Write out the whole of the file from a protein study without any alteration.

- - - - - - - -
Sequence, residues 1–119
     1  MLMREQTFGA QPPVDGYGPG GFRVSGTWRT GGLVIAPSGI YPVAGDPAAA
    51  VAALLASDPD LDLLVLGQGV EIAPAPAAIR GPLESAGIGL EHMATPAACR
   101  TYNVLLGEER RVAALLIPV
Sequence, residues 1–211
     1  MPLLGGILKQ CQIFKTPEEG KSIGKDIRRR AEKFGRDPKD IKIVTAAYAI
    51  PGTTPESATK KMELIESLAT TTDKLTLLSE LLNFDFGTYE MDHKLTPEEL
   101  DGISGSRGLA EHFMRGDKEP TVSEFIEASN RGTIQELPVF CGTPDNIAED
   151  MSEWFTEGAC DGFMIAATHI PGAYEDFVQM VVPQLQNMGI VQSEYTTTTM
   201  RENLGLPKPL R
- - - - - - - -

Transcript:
Sequence, residues 1–119
     1  MLMREQTFGA QPPVDGYGPG GFRVSGTWRT GGLVIAPSGI YPVAGDPAAA
    51  VAALLASDPD LDLLVLGQGV EIAPAPAAIR GPLESAGIGL EHMATPAACR
   101  TYNVLLGEER RVAALLIPV
Sequence, residues 1–211
     1  MPLLGGILKQ CQIFKTPEEG KSIGKDIRRR AEKFGRDPKD IKIVTAAYAI
    51  PGTTPESATK KMELIESLAT TTDKLTLLSE LLNFDFGTYE MDHKLTPEEL
   101  DGISGSRGLA EHFMRGDKEP TVSEFIEASN RGTIQELPVF CGTPDNIAED
   151  MSEWFTEGAC DGFMIAATHI PGAYEDFVQM VVPQLQNMGI VQSEYTTTTM
   201  RENLGLPKPL R